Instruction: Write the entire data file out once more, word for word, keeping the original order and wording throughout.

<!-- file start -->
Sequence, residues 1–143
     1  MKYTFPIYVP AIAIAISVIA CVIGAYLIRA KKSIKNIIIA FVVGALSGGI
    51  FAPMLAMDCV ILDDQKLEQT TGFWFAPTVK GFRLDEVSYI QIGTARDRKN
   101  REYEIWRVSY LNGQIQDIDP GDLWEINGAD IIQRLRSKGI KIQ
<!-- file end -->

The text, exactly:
Sequence, residues 1–143
     1  MKYTFPIYVP AIAIAISVIA CVIGAYLIRA KKSIKNIIIA FVVGALSGGI
    51  FAPMLAMDCV ILDDQKLEQT TGFWFAPTVK GFRLDEVSYI QIGTARDRKN
   101  REYEIWRVSY LNGQIQDIDP GDLWEINGAD IIQRLRSKGI KIQ